MLB players union head says 2020 Olympics difficult
ABS-CBN Sports on Feb 24, 2017 10:15 AM
Executive Director of the Major League Players Association Tony Clark answers questions at a news conference Sunday, Feb. 19, 2017, in Phoenix. (AP Photo/Morry Gash)
RICH DUBROFF, Associated Press
SARASOTA, Fla. (AP) — The head of the Major League Baseball Players Association says it will be difficult for big leaguers to participate at the 2020 Tokyo Olympics.
Baseball returns to Olympics after a 12-year absence for the Tokyo Games, which are scheduled for July 24-Aug. 9 — in the middle of baseball's season.
"There are challenges with the schedule, and there are challenges with major leaguers being involved," Clark said Thursday at the Baltimore Orioles' spring training camp.
In 2008, players on major league 25-man rosters and disabled lists on June 26 were ineligible to play. The U.S. roster included 17 players from Triple-A, seven from Double-A and college pitcher Stephen Strasburg, now with the Washington Nationals.
"It doesn't mean that we are not continuing to have dialogue. We have going back. We will going forward. Where we land, I don't know," Clark said. "One of the things we were able to discuss during this round of bargaining were some additional flexibility in the schedule moving forward. Maybe there are some opportunities for a broader discussion than there have been a year ago. We'll have to wait and see. We haven't had that kind of substantive sit down yet."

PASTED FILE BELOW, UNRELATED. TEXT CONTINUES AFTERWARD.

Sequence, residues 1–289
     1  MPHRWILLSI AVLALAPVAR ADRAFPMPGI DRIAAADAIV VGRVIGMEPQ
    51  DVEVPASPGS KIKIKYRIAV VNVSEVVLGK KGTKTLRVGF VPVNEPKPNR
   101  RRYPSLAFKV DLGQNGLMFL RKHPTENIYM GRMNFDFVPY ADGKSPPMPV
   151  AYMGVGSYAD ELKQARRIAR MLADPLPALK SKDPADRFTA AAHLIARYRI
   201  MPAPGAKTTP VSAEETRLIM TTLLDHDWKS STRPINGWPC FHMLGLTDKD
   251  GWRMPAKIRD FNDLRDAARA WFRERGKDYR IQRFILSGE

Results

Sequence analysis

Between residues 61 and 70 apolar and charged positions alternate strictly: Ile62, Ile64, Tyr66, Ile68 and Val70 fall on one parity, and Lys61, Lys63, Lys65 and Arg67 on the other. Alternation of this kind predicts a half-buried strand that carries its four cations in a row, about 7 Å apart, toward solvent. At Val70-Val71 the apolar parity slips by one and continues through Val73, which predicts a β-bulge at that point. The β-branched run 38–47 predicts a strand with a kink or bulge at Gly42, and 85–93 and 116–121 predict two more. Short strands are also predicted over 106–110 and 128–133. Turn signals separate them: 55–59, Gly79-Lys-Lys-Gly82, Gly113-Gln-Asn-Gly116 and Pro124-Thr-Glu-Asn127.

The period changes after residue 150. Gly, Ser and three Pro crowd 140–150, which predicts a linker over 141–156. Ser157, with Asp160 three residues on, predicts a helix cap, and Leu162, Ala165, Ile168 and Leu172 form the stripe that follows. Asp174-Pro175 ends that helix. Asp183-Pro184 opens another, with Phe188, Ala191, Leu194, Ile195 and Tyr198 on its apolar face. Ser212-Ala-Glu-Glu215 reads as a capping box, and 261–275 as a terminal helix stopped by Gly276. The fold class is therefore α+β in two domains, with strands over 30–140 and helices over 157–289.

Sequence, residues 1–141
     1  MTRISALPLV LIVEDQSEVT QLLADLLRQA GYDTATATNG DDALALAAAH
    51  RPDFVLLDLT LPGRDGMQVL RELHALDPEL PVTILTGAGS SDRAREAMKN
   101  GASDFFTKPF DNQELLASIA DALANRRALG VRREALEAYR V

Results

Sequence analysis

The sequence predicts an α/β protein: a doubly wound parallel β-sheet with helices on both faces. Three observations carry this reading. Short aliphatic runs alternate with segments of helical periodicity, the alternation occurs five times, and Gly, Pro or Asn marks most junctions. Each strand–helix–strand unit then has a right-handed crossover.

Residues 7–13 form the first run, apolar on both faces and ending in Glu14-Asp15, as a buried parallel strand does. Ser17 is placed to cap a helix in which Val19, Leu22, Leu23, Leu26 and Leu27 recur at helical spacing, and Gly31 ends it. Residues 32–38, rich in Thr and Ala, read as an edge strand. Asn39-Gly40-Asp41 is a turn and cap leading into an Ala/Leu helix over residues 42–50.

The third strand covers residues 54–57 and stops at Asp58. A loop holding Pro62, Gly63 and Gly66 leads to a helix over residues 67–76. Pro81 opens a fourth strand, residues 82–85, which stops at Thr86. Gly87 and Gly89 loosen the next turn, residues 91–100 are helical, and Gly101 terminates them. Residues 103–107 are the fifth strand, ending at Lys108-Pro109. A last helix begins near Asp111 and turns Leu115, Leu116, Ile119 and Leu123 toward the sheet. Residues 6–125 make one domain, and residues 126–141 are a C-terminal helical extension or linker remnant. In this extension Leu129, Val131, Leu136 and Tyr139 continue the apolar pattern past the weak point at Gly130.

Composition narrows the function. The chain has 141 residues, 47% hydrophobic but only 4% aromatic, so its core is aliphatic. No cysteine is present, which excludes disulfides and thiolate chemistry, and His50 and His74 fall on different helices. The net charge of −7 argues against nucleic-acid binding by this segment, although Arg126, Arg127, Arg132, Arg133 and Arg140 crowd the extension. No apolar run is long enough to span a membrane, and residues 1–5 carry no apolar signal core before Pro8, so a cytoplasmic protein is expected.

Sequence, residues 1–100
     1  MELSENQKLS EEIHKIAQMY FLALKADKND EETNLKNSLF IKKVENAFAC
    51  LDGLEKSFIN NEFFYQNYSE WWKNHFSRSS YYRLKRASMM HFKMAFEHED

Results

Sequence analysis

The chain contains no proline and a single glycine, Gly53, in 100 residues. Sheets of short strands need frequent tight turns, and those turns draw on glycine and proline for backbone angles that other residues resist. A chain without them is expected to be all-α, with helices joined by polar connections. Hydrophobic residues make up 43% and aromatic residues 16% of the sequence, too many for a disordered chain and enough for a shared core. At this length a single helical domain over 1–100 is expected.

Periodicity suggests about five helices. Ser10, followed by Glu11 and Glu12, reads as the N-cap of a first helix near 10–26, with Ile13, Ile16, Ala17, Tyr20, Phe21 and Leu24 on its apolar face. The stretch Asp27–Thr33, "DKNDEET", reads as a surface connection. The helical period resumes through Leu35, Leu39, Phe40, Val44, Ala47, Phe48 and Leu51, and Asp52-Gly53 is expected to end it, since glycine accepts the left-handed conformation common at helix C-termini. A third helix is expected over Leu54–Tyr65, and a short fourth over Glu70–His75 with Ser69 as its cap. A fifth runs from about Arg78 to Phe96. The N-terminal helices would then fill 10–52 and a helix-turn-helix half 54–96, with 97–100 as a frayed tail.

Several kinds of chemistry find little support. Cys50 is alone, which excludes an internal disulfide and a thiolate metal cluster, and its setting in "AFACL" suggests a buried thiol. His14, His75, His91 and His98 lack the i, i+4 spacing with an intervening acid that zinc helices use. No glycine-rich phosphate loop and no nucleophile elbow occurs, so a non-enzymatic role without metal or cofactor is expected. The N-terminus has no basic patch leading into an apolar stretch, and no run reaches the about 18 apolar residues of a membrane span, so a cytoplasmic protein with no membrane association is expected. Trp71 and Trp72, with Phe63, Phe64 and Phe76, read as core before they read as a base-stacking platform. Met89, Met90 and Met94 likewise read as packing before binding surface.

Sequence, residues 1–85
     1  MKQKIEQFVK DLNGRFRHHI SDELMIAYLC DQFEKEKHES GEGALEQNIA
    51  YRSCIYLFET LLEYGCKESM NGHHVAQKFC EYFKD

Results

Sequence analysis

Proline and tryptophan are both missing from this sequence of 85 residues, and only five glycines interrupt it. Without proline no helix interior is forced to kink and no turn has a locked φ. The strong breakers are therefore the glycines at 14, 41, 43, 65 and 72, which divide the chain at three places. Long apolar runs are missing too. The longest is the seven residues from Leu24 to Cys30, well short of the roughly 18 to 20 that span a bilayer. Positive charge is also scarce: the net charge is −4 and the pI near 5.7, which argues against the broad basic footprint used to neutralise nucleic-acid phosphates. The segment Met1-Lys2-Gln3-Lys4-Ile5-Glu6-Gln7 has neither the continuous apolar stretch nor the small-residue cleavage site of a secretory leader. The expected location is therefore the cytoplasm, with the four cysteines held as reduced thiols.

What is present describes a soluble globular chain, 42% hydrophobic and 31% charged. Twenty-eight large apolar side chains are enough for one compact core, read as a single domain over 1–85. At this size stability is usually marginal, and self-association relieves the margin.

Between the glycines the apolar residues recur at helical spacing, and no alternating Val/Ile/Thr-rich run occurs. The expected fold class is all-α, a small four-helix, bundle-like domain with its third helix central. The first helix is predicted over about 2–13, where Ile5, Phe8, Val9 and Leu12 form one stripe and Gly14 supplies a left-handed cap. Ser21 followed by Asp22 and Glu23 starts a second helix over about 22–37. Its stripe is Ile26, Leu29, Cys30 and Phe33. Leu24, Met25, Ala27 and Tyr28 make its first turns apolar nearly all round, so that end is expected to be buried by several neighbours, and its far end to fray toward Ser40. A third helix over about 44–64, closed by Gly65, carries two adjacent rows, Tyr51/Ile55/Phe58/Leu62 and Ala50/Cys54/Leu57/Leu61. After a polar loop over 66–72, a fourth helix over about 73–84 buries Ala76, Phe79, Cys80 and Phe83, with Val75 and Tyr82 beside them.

Many players are preparing for the fourth edition of World Baseball Classic, an international tournament launched in 2006 that is co-owned by Major League Baseball and the union. Clark hopes to see a fifth edition in 2021.
"I see no reason at this point why it wouldn't," he said. "I'm hopeful it continues, understanding that the world we live in four years from now may be different from the one we're in now."
On another international topic, Clark felt Tampa Bay's exhibition at Havana last spring was a positive experience. The Rays were the first major league team to play in Cuba since Baltimore in 1999.
"The feedback that we got was that it was an experience that they're not soon going to forget," he said. "We also appreciate that the world we were in last year is a little bit different now. We have to determine what any or all international travel looks like as a result. There's no doubt the respect for the game internationally is growing and trying to do our best to broaden our footprint makes sense as well," Clark said.
The union has agreed to pitchless intentional walks this season and talks are ongoing on video review regulations.
"Instant replay is another one that some of the details we're still working through," Clark said. "We're continuing to have dialogue and we'll continue to have open dialogue on some of the things in the near term as well as some things in the long term."
Clark believes players are sensitive to MLB's concern that games are too long — the average for nine-inning games was 3 hours last year.
"I think there's an understanding as to game length, and there's an appreciation for game pace," Clark said. "In our game more than any other, it's hard to dictate a particular game-time ending."